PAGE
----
Van Os: Our website has a section called Gearing Up with a stock list of equipment we suggest. We point out that some trips don’t require big glass. For Mexico’s colonial cities tour, where you photograph architecture and people in places such as Guanajuato and San Miguel de Allende, you don’t need a 500mm lens.

We’re primarily set up to take people to photograph at the best possible locations at the best possible times. We don’t really do workshops, per se. On our trips, we do offer tips and a variety of instructional things to get clients the most out of their shots.

OP: What qualities do you look for in a tour leader?

Breeding pair of Laysan albatrosses on Midway Atoll National Wildlife Refuge. With three million birds nesting there each year, Midway is one of the world’s top locations for photographing birds.

Van Os: I want somebody who’s an excellent photographer and who knows the subject that they’re photographing. I want them to have a biology background or a cultural background depending on the itinerary. The clients really want to know what they’re seeing.

OP: There’s a depth in photographs that have knowledge behind them. First of all, if you know animal behavior, you can anticipate an action and be ready for it. Also, camaraderie is something that a lot of us freelancers are missing.

Van Os: Early on, photographers were lone wolves, to a degree. Everybody stayed off on their own and we rarely ran into each other. We’ve brought together photographers who never would have met and have later done projects and conservation efforts together. We had a lot of stock shooters, and we also had Erwin and Peggy Bauer, and Leonard Lee Rue, Tom Brakefield. We were at the forefront of taking nature photography from a single, individual endeavor to bringing people together to do it in a good way. We helped photographers mix more. This was prior to NANPA [North American Nature Photography Association] and organizations like that. We try to be innovative and bring new tours and new shooting opportunities to the market. Certainly, Midway is an example of that. Next year, we’re taking people by ship to Wrangel Island in the Russian Far East.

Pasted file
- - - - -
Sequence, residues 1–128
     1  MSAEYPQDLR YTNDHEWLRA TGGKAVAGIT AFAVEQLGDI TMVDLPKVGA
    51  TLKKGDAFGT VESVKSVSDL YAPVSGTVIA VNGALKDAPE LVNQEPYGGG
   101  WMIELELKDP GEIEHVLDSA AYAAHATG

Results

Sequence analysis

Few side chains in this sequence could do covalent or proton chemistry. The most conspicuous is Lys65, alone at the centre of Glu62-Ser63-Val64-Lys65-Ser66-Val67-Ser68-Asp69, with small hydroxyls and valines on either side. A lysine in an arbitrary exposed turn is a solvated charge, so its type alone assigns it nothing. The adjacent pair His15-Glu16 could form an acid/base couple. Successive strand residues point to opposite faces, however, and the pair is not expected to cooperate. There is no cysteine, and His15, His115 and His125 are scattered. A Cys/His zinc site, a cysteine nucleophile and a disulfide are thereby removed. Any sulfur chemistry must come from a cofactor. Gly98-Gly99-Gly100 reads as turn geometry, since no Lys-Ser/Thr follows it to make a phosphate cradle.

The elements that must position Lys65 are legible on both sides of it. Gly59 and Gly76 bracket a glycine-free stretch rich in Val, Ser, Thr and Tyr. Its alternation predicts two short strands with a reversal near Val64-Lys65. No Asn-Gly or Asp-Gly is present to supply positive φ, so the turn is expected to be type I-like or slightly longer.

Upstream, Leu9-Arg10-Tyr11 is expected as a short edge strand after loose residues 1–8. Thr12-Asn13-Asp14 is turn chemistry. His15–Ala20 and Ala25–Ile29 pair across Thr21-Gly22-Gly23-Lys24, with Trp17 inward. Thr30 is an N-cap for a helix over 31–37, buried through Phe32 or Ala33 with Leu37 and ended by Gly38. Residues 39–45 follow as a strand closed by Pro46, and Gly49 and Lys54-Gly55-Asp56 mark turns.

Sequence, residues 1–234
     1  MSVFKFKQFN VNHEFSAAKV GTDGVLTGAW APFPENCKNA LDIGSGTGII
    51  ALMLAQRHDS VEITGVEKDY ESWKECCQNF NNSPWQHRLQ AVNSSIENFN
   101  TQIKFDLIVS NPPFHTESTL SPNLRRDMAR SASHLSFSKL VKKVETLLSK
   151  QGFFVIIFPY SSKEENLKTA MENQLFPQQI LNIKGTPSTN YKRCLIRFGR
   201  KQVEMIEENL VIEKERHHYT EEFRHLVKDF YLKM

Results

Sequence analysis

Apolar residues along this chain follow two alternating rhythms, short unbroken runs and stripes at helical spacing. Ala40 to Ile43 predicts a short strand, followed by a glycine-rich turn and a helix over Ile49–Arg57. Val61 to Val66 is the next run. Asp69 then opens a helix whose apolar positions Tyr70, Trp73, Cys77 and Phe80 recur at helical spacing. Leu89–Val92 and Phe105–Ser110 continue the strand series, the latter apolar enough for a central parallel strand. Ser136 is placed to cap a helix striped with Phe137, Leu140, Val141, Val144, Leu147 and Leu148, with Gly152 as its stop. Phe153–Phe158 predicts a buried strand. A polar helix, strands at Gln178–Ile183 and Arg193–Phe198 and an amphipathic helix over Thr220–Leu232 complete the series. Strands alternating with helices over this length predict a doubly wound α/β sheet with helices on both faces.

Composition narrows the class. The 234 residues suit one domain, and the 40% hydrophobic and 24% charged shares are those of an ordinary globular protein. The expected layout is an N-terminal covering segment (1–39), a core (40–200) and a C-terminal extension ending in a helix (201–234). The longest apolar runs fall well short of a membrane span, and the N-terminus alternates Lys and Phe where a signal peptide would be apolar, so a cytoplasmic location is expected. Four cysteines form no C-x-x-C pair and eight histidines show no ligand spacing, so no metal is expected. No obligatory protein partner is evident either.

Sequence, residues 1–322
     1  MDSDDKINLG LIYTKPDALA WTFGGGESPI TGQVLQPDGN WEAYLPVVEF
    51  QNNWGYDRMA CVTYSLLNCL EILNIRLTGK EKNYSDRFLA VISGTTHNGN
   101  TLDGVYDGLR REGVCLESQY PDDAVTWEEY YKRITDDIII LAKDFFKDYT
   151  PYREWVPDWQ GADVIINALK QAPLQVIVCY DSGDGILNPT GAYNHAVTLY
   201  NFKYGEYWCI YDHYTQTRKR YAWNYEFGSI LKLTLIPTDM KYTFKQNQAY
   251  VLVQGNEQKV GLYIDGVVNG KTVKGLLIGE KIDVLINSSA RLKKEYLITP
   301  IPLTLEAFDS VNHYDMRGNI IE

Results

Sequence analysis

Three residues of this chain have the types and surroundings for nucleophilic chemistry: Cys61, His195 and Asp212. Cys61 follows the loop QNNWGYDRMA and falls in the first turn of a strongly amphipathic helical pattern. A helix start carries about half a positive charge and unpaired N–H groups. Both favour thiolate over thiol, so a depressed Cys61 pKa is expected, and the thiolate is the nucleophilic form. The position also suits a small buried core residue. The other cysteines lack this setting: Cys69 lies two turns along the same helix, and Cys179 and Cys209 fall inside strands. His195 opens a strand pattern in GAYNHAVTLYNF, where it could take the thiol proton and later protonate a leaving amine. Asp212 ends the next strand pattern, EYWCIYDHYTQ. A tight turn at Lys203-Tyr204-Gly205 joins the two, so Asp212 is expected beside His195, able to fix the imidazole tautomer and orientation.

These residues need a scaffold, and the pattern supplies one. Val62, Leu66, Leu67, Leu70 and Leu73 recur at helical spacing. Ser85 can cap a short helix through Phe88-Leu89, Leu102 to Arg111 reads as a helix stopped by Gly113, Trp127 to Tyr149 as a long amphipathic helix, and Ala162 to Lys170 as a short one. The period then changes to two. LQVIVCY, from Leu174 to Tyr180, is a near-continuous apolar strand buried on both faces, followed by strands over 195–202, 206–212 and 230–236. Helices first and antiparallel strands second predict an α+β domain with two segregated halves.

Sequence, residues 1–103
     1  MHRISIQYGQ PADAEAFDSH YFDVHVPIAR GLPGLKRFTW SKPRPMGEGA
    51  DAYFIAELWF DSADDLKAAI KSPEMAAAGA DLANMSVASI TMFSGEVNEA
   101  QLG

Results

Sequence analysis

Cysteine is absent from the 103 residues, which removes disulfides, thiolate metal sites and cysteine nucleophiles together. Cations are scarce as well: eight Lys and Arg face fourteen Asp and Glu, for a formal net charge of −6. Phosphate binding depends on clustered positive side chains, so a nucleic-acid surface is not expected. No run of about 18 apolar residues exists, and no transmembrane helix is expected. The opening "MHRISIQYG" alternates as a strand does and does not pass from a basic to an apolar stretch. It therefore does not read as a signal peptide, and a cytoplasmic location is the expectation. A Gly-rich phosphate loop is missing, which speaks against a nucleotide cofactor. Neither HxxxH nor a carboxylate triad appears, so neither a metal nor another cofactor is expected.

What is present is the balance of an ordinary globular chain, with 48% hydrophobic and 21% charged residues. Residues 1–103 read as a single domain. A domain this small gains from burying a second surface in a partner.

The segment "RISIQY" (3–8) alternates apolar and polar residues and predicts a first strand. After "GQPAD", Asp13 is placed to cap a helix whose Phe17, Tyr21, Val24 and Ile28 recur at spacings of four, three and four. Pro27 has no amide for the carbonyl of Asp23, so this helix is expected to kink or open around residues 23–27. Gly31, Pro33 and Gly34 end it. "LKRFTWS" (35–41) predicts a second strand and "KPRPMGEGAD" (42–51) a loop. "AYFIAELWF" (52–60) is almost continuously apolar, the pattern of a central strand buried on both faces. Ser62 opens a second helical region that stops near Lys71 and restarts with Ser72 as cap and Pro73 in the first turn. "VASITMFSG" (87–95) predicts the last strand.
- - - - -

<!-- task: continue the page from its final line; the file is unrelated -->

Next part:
OP: Growing up in Palmyra, New Jersey, seems a long way away from the exotic locations you and your fellow instructors and clients now traverse.

Van Os: Palmyra is a suburb of Philadelphia, but on the New Jersey side. My father ran a bookbindery in Philadelphia and my mother was a homemaker. Back in the day, there was easy access to woods—this is prior to the development of tract houses all over the place. We had plenty of places to play along creeks and rivers. When I was a little bit older, I had access to the New Jersey Pine Barrens and the state parks along the New Jersey shore. New Jersey gets a bad rap, but it has fantastic locations. I was born into nature. I got out to play, and I found turtles and snakes and caught them and kept them. One thing led to another, and it led to a lifelong interest in nature.

For more information about the Joseph Van Os Photo Safaris, go to Mark Edward Harris is a frequent contributor to OP. See more of his work at